Of the 4,107 COVID-19 tests University Health Services (UHS) administered in its second week of asymptomatic testing on campus, one graduate student tested positive. This result marks the first reported positive case for a student on campus since March 31.
From Aug. 31 to Sept. 6, none of the 267 tests administered to undergraduates and 1,918 administered to faculty and staff came back positive, according to statistics released by the University. One out of 1,922 tests administered to asymptomatic graduate students returned a positive result.
All members of the University present on campus for at least eight hours per week are required to take an asymptomatic test at the University Stadium Concourse. Last week, the University conducted more than 4,000 tests, with four employees testing positive.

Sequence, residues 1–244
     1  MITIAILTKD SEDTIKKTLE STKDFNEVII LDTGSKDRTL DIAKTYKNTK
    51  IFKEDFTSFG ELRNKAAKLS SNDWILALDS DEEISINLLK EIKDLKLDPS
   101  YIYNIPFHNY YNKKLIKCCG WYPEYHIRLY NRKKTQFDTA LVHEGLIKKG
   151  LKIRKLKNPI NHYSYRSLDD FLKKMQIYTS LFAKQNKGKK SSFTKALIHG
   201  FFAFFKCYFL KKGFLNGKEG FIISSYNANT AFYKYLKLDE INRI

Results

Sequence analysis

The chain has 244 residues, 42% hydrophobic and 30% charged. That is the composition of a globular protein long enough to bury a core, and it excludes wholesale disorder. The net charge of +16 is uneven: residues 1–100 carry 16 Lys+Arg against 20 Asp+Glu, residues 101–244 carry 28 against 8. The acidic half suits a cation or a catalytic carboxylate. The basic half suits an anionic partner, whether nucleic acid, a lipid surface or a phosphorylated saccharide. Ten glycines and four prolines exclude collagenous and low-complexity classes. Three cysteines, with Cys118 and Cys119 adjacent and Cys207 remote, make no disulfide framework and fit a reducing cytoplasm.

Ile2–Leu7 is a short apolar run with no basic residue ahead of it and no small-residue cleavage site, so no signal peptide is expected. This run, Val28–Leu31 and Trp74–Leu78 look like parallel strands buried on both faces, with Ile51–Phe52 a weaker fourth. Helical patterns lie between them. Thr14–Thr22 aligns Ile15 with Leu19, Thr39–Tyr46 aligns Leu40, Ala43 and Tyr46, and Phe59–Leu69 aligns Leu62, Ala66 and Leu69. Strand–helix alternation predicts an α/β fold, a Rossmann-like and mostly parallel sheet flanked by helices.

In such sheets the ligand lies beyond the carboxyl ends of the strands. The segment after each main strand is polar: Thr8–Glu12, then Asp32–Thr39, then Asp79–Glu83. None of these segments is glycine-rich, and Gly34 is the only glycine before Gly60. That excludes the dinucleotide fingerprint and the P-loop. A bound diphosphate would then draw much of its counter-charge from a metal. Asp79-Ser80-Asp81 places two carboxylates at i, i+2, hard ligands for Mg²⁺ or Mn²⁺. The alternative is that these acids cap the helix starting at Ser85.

One undergraduate and one graduate student underwent symptomatic testing from Aug. 31 to Sept. 6, after experiencing symptoms induced by the virus. Both test results came back negative. Faculty and staff reported 13 symptomatic tests to University Health Services, with 11 negative results and two cases pending.
As of the Wednesday announcement, one undergraduate and three graduate students remain in isolation, which is required of people who exhibit signs of the illness or those who have tested positive for COVID-19.
Sixty-seven undergraduates and 178 graduate students remain in quarantine as a result of travel, and one graduate student is in quarantine due to potential exposure to the virus.
Deputy University Spokesperson Mike Hotchkiss expressed optimism at the low level of positive test results, while stressing that community members must continue to observe health precautions.
“The results from the first two weeks of this testing are encouraging and reflect adherence to public health measures such social distancing and face coverings,” he said. “However, we must remain vigilant. We appreciate the participation of students, faculty and staff in the testing protocol and their continued efforts to help keep our campus and broader community safe.”